- We note that the Head of College of Arts and Law has been circulating instructions to staff in his college, stating that, “In the absence of a medical/OH note stating that a member of academic staff should not undertake face-to-face teaching, the College expects staff to undertake this teaching until such time as they have a medical/OH note.” Yet the University of Birmingham must surely be aware that staff are having to wait for considerable lengths of time to have the Occupational Health (OH) meetings that are being set up for them by the University. The lack of University’s resources cannot and should not be used as a reason to force staff with underlying health conditions to attend on-campus teaching, simply because they have not been able to schedule an OH appointment (with waiting times currently running at around 4-6 weeks).
- We have already pointed out to the University of Birmingham, in an email sent on 17 September and earlier in an email sent on 1 September, the University’s own procedures in managing the return to working on campus were not being followed across most of the College of Social Sciences, in Computer Science, in Chemistry, and in the Department of Political Science and International Studies.
- We reject the use of the ‘covid calculator’ as the means through which to decide whether staff should be working/teaching on campus. This takes into account only the ‘risk of hospitalization’ and therefore the immediate chances of being ill with covid symptoms. In most cases, anyway, the recommendation is that staff should be expected to work/teach on campus, even if they are at high risk of hospitalization. Worse still, this does nothing to take into account the risk of ‘long covid’. Scientific evidence is increasingly showing that many people, including those who get over the initial infection easily, have ended up with serious symptoms lasting months. We have detailed these risks as set out in the scientific literature and by the scientific community, and we see no evidence that the University of Birmingham has taken these risks into account.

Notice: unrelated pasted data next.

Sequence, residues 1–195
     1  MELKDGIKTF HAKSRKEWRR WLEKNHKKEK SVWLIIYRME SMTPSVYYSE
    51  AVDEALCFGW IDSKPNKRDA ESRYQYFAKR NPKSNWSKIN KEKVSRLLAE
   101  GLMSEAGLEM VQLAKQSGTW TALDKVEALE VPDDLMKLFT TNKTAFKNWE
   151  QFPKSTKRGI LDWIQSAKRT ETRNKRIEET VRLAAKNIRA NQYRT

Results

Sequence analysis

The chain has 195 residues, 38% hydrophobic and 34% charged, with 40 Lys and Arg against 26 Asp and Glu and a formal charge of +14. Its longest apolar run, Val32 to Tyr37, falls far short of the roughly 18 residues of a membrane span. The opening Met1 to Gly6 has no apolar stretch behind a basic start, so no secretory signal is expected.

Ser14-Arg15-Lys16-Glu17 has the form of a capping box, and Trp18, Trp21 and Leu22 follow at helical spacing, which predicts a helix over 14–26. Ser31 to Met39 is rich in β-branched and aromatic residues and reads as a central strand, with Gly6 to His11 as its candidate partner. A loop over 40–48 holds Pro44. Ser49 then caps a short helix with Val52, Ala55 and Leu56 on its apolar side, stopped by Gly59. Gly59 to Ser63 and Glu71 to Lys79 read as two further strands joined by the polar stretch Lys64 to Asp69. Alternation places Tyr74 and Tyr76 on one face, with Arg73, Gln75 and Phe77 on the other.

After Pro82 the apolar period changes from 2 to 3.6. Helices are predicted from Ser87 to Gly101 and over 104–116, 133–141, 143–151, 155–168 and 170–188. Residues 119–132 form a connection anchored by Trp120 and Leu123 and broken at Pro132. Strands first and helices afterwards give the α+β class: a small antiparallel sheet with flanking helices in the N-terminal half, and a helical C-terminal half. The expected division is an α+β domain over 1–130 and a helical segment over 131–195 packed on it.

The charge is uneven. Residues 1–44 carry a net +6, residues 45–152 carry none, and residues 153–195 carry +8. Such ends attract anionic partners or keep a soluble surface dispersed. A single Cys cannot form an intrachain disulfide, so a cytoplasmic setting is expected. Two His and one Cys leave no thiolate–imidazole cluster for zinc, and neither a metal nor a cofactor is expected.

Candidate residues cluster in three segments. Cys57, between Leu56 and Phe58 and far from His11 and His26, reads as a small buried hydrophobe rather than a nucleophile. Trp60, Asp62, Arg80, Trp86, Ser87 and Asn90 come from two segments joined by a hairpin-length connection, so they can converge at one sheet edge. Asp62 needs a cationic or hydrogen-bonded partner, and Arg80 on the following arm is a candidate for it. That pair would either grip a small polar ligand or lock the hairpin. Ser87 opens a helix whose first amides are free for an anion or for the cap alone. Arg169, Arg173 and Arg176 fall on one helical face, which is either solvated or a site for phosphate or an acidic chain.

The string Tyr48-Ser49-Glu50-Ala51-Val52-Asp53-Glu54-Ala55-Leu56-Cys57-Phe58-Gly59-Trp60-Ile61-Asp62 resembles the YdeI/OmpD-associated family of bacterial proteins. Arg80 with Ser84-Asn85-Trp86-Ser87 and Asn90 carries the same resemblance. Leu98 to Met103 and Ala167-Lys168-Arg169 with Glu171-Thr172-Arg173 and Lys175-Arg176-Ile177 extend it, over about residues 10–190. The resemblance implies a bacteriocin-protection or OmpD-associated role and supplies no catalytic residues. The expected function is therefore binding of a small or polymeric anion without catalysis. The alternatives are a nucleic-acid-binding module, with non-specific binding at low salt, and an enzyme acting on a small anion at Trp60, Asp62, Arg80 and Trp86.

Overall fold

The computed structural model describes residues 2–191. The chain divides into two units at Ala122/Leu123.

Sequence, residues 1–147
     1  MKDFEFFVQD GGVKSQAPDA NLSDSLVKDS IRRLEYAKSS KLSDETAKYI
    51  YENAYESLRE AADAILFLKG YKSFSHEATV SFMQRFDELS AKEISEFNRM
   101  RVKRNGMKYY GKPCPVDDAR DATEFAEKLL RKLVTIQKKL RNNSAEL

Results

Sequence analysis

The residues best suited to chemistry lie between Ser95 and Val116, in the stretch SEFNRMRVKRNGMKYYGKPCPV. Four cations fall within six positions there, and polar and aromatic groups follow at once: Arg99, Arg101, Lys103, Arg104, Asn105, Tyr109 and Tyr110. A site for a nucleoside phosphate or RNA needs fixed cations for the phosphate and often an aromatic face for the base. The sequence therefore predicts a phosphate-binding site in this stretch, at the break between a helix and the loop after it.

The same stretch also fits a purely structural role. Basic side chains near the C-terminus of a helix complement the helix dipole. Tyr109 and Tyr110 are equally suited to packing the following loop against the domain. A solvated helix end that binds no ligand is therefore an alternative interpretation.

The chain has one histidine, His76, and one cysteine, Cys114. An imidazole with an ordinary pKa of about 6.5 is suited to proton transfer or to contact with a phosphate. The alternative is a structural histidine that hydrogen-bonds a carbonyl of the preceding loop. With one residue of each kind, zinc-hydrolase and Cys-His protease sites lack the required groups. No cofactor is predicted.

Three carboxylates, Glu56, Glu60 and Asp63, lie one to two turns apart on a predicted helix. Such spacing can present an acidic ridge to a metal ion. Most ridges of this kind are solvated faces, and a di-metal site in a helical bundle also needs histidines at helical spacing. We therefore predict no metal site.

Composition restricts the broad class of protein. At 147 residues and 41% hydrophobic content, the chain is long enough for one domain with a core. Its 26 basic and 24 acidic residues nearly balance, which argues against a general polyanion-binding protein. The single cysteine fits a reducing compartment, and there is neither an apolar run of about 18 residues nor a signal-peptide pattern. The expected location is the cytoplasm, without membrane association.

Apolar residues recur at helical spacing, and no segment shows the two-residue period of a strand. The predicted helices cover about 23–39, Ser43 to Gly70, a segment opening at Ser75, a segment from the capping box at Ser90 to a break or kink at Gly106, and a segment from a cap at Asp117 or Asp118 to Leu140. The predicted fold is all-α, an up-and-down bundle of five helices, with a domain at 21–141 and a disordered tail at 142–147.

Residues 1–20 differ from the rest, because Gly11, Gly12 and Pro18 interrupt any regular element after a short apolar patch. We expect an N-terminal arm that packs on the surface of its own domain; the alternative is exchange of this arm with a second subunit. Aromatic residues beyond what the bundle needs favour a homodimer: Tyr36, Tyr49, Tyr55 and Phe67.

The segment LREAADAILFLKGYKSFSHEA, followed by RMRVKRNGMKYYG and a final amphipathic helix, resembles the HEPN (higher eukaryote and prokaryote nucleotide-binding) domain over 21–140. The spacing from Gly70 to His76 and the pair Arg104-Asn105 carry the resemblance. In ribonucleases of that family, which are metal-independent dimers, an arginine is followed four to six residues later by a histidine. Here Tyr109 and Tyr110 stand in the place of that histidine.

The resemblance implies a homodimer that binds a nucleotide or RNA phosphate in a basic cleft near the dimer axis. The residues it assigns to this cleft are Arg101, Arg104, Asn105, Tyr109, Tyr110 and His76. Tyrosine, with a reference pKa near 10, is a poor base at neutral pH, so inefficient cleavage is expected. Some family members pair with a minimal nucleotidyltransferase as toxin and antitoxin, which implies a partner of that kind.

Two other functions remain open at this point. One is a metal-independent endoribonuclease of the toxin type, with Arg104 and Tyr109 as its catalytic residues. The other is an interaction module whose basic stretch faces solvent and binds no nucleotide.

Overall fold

- The risk assessments that we have received have not been reassuring. They have often been updated on the internet very late. Many do not make it clear that high risks have been mitigated. Many have not been updated to consider teaching rooms and only consider other aspects of the University other than teaching. In many cases the major form of mitigation, put in place to reduce risk, comes only from asking staff to open the windows. It is not clear how this change can produce such a dramatic reduction in risk, and indeed this would seem to be more a case of ‘wishful thinking’. We also do not understand how this measure is intended to last throughout the winter.
- We are concerned that the University’s “GoCat” guidance for teachers put an unreasonable amount of responsibility on the shoulders of staff in terms of managing the health and safety situation, especially for those teaching in the classroom. Teaching staff are not health and safety experts and cannot be expected to deal with health and safety situations unless they are qualified to do so. The Health and Safety at Work Act 1974 places a duty on employees to take reasonable care to ensure they do not endanger themselves or anyone else who may be affected by their work activities. It is unreasonable of the University of Birmingham to put staff in a situation where they would be unable to uphold this responsibility.
- In terms of room management, there seems to be no attempt, as far as we can see, to prevent multiple cohorts using a space in a single day, or to prevent staff/students working across multiple buildings.